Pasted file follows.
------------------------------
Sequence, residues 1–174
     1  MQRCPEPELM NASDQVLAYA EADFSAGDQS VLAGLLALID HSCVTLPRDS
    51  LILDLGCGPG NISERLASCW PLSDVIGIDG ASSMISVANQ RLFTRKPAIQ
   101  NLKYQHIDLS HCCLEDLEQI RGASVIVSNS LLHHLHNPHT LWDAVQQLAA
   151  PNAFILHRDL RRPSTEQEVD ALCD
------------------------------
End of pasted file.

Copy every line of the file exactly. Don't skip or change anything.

Sequence, residues 1–174
     1  MQRCPEPELM NASDQVLAYA EADFSAGDQS VLAGLLALID HSCVTLPRDS
    51  LILDLGCGPG NISERLASCW PLSDVIGIDG ASSMISVANQ RLFTRKPAIQ
   101  NLKYQHIDLS HCCLEDLEQI RGASVIVSNS LLHHLHNPHT LWDAVQQLAA
   151  PNAFILHRDL RRPSTEQEVD ALCD